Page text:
As exciting as the races can be, I still have a few complaints with how everything plays out as a whole. The AI is actually brilliant, as they are fueled to win whatever type of match you may be competing in. The problem with this lies in the challenge though, which is sure provide a stiff learning curve to newcomers. For demolition matches, the game places you at 11th out of 12 racers. This means that it’s your job to fight through ruthless AI to get into first. Just when you think you’re safely tearing through ranks, a frag can come from another racer pulling off a boost that can set you back a good six places. As I mentioned earlier, the canned sequences can also be harmful, as I had several occasions where a cutscene would finish up just as a foe from behind rammed my car with a boost. Now, I do enjoy a challenge and a good part of Unbounded’s charm is the unforgiving AI, but due to how easy it is to crash, a lot of victories within the game come down to trial, error, and a bit of luck.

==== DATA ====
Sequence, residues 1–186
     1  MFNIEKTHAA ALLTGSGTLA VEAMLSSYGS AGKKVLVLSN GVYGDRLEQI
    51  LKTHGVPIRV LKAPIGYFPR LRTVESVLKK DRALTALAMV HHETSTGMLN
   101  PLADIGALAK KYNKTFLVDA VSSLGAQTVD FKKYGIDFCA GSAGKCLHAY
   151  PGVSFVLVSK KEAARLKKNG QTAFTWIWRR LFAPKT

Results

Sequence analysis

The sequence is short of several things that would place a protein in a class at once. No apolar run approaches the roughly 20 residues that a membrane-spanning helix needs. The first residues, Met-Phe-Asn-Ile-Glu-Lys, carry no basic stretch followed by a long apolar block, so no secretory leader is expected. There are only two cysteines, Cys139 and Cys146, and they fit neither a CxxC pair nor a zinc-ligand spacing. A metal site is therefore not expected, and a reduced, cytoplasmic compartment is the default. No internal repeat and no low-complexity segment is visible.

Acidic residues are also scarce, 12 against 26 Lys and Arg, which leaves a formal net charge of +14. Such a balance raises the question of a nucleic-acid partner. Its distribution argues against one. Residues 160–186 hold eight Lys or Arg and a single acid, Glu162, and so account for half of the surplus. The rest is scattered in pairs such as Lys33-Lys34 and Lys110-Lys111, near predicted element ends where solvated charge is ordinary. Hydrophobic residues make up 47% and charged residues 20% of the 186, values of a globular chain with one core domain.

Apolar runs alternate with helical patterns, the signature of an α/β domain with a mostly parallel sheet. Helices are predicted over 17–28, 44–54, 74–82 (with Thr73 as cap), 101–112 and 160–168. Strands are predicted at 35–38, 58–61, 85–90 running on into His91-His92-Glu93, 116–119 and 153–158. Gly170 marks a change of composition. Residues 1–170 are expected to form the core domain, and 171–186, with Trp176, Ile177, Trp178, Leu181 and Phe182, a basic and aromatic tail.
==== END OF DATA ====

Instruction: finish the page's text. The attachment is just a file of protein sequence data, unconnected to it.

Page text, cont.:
Track editing allows players to create their own city to race in by placing runnels, turns, loops, and ramps all over the road to make a distinct track. Once you have a good bit of pieces unlocked for it, this editor is quite unique to the genre and also very broad. Making a track is done with a grid-based scheme, so placement is super-easy, and players are even allowed to test out their creations as they build in order to perfect their urban masterpiece. I designed a track with nothing but loops to test this out at first, but it didn’t play out too well. That’s the fun of this mode though, as there is nothing but freedom and you can design just about any type of track you could possibly want. An online mode stacks onto this editor to near perfection as well, letting players create a city for others to race in, where the challenge comes in beating the top score. Online mode also offers daily challenges to earn XP as well as the standard fare of racing, which can lead to an almost infinite amount of hours soaked into the game.